I also began taking a harder look at my team, and realized that some of them were in the same boat. We had allowed ourselves to dwell in the same type of tactical echo chamber that I had always imagined those goofball guys from the tactical classes being stuck in. After that fateful and embarrassing range day, I decided to take a serious look at myself and my team to see what causes this sort of mindset, what we could do to avoid it, and how to refocus on building our team up to where it needed to be.

Team Selection

Our unit is part of a multi-agency task force made up of officers from many different departments. Although there is an interview and selection process, we don’t always have a deep pool of personnel to choose from, and often have to work with whom we are sent. I find that interagency law enforcement task force teams and small agency tactical teams usually share similar team selection challenges, such as:

  • Small selection pools due to personnel shortages and / or department size
  • Mixed units of officers from different departments (task forces & regional tactical teams)
  • Poor leadership decisions from host agencies in overseeing unit selection
  • Unfit appointments due to favoritism

Thus, the standard of entry is generally a lot lower and less competitive with smaller part-time teams than that of large metropolitan SWAT teams, who have a deep internal pool of personnel to choose from. 

“Cool Guy” Mentality

Even if there is a lower standard, being “selected” for a specialized unit still indicates that you had something that set you apart from others who were not chosen for that unit. In some people, this could be a motivational factor that increases their desire to excel and achieve. Others, however, may consider making it to the team to pinnacle of their efforts, leaving them with little desire to put forth any more effort than that necessary to remain on the team. This could be exacerbated by experiencing small operational successes with the unit, typically due to luck or the actions of other, more competent team members, rather than the of abilities of that individual. If allowed to fester into self-glorification, one could end up thinking that they are “already good enough.” This could result in the following behaviors:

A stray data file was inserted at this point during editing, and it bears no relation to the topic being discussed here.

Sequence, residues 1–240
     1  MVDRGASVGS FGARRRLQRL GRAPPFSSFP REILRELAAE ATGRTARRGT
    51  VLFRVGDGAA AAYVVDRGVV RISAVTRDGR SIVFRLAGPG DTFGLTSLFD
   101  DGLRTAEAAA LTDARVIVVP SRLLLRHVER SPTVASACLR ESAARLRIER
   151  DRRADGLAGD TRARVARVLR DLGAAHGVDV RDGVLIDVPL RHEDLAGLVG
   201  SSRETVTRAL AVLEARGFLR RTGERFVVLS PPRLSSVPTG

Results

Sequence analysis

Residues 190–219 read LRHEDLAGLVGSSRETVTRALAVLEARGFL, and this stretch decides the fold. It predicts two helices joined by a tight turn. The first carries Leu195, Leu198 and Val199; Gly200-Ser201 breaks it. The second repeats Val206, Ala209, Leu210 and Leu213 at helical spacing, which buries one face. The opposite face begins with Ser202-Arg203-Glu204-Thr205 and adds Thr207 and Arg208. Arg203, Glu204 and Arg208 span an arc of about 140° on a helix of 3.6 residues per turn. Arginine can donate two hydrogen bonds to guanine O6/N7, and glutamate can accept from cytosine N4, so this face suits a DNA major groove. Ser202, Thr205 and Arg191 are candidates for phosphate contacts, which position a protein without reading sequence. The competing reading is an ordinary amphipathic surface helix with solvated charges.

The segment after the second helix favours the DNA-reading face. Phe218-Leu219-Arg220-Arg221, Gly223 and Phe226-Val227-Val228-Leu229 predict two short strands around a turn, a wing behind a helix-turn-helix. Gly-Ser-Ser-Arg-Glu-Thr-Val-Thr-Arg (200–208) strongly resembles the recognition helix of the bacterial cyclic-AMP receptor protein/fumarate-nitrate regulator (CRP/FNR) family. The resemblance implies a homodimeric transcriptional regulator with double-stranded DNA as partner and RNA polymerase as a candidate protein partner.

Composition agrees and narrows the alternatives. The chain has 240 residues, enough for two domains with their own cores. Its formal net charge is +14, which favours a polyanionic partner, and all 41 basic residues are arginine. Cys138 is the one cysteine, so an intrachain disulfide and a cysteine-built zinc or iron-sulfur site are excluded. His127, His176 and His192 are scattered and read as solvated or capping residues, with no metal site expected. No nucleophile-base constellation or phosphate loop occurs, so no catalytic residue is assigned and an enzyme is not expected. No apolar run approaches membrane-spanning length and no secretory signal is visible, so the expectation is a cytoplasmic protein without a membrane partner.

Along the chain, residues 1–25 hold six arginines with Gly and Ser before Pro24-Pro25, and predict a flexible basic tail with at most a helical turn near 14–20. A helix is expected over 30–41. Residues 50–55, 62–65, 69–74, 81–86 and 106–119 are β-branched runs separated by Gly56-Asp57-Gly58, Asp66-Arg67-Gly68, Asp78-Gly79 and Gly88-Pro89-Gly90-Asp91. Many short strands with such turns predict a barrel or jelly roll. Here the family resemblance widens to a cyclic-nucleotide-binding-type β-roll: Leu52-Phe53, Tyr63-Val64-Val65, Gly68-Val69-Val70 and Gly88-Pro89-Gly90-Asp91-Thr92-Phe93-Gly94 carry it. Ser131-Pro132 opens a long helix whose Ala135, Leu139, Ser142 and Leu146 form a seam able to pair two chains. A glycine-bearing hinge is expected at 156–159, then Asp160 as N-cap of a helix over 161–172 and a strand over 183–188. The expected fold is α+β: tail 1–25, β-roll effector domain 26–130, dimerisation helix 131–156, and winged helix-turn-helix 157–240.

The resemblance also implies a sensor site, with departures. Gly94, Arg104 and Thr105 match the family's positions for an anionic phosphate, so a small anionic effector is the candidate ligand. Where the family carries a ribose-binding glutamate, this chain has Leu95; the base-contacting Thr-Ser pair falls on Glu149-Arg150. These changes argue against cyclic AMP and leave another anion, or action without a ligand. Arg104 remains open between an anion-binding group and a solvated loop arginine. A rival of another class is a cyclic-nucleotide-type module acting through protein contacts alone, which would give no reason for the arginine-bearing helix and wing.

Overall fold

• Lackadaisical training attitude – “I made the team; therefore, I’m already proven and good enough.
  • Poor training attendance – always looking for reasons not to attend – orften born out of a fear of being exposed in front of the team
  • Rather joke around OR constantly bitch and moan during training instead of taking it seriously